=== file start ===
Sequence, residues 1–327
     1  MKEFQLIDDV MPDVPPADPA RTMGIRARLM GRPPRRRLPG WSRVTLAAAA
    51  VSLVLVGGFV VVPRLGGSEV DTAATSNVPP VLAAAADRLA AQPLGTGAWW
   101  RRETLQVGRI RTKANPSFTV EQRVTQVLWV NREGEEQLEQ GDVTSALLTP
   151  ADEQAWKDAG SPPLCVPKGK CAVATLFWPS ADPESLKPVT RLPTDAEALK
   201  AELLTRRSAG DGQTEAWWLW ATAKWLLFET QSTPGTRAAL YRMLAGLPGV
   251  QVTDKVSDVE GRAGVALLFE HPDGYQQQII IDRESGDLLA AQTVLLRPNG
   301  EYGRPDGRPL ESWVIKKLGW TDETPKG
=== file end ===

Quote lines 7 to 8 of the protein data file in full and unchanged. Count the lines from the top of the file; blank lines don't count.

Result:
   251  QVTDKVSDVE GRAGVALLFE HPDGYQQQII IDRESGDLLA AQTVLLRPNG
   301  EYGRPDGRPL ESWVIKKLGW TDETPKG